First possible West Nile virus human case of season reported in Oklahoma County


File photo of a mosquito

OKLAHOMA CITY (KFOR) – An Oklahoma County resident is currently in a hospital after being tested for West Nile virus.

The Oklahoma City-County Health Department (OCCHD) reported the possible West Nile case in a news release issued Tuesday afternoon.

If testing confirms that the patient has the virus, it will be the first case of West Nile in Oklahoma County for the 2020 West Nile virus season, which starts in May and lasts until the first or second weather freeze, usually in October, said Ken Johnson, Strategic Communications Coordinator for OCCHD.

A patient who tests positive for West Nile virus (WNV) does not have to be quarantined, according to Johnson.

“There’s no quarantining. It’s just a matter of them getting past all that. We certainly advise the home owner to look around their home and make sure there are no sources of West Nile, [such as] standing water,” Johnson said.

The virus is most commonly spread when an infected mosquito bites a person.

“People should be aware that by minimizing the exposure to mosquitoes and taking additional preventative measures, the risk and chances of becoming infected are reduced,” said OCCHD Epidemiologist Cynthia Bates.

Most people who contract the virus do not develop symptoms.

“About 1 in 5 people who are infected develop a fever and other symptoms. About 1 out of 150 infected people develop a serious, sometimes fatal, illness,” the news release states.

Mild symptoms include sudden fever, headache, dizziness and muscle weakness.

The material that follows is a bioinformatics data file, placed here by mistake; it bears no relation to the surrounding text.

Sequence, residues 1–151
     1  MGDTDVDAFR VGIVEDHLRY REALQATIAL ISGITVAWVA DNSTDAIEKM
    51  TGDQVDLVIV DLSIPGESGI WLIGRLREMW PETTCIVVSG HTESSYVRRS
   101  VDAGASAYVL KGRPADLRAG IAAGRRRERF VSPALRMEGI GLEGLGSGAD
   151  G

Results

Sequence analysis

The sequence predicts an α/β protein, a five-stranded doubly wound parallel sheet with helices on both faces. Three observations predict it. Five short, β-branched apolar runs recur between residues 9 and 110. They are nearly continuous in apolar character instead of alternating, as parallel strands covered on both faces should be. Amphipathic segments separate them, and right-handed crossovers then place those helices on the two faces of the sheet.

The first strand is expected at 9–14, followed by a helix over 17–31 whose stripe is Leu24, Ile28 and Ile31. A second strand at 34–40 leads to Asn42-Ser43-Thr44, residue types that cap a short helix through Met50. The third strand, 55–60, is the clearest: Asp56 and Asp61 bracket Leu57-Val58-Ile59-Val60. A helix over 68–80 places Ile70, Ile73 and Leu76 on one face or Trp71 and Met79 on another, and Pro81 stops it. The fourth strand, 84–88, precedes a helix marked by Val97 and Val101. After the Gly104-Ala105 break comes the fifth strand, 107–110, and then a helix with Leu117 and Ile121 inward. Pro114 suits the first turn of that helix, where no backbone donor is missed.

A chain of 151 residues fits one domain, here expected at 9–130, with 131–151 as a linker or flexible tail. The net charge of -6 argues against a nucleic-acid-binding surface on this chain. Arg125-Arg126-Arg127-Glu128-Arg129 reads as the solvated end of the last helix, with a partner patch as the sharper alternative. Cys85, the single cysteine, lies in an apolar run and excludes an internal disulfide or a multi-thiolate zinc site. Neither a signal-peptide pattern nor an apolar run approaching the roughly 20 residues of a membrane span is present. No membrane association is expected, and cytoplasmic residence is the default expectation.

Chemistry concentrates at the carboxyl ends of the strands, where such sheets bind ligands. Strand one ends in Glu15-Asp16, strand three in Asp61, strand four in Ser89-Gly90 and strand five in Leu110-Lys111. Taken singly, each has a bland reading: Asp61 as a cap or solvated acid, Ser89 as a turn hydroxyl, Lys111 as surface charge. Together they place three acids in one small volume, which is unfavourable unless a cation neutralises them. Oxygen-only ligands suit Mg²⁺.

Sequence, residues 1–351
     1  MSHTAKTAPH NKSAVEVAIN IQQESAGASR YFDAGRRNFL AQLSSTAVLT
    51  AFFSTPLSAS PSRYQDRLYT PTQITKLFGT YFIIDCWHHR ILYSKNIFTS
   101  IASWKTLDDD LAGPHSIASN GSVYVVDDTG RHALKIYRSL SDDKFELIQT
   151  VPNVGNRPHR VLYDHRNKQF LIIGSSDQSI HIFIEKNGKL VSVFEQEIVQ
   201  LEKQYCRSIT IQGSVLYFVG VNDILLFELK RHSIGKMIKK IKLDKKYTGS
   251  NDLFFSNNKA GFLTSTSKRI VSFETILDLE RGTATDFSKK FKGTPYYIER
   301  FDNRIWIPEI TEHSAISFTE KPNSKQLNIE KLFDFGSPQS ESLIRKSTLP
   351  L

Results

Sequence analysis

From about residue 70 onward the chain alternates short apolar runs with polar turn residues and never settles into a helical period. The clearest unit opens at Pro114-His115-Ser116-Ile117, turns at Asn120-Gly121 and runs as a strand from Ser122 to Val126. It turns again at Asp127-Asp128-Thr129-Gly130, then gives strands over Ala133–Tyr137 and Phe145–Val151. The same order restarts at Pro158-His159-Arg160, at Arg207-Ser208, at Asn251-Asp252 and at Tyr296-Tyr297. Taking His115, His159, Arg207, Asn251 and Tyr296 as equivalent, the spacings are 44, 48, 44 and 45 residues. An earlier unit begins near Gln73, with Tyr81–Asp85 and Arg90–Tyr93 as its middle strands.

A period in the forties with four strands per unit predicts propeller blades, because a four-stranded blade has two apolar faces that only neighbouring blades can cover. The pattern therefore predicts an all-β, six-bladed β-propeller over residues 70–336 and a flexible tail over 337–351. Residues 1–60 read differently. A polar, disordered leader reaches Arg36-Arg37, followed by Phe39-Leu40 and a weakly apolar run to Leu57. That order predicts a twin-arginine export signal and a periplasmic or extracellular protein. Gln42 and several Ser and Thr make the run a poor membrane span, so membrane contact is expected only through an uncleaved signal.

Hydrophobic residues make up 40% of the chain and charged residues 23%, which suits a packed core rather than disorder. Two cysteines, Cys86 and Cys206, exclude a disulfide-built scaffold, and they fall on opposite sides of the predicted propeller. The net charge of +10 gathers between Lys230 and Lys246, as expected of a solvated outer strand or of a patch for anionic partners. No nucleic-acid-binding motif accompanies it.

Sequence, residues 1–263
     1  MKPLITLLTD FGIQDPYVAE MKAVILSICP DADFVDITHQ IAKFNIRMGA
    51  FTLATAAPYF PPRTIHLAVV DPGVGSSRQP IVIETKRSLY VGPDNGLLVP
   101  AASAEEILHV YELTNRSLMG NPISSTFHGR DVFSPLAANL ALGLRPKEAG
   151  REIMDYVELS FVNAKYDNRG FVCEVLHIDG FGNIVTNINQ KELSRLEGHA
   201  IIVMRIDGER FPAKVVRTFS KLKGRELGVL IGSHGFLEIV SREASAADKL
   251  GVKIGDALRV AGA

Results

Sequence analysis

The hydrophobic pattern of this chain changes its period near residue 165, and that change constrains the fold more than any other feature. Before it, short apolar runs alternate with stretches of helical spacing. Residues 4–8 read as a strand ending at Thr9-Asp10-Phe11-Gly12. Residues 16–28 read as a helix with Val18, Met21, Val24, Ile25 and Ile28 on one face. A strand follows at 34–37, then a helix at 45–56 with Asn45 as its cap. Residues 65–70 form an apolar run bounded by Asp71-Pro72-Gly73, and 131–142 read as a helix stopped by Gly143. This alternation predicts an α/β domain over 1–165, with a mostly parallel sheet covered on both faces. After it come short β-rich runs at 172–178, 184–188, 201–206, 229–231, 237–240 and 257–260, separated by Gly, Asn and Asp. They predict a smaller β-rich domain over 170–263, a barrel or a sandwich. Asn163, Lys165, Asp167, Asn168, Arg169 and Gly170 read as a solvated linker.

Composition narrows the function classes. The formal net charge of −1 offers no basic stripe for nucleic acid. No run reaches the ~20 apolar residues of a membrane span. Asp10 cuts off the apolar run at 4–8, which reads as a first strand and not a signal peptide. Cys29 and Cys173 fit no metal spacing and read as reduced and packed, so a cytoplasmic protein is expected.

Serious symptoms include high fever, headache, neck stiffness, stupor, disorientation, coma, tremors, convulsions, muscle weakness, vision loss, numbness and paralysis.

Symptoms typically appear within three to 15 days of being bitten, according to OCCHD.

There is currently no vaccine or specific antiviral treatment for WNV infection.

“If you are concerned about any symptoms you or a family member are experiencing, see your health care provider,” the news release states.

Here are some tips from OCCHD on how to protect yourself and your family from mosquito bites:

  • DRAIN standing water around your home, yard, and neighborhood
  • DUSK and DAWN are the times of day you should try to stay indoors; this is when mosquitoes are most active
  • DRESS in long sleeves and pants when you’re outside, and spray thin clothing with repellent
  • DEFEND yourself by using an insect repellent that contains DEET, Picaridin, or Oil of Lemon Eucalyptus

There were no human cases of West Nile virus in Oklahoma County during the 2019 season, according to Johnson.


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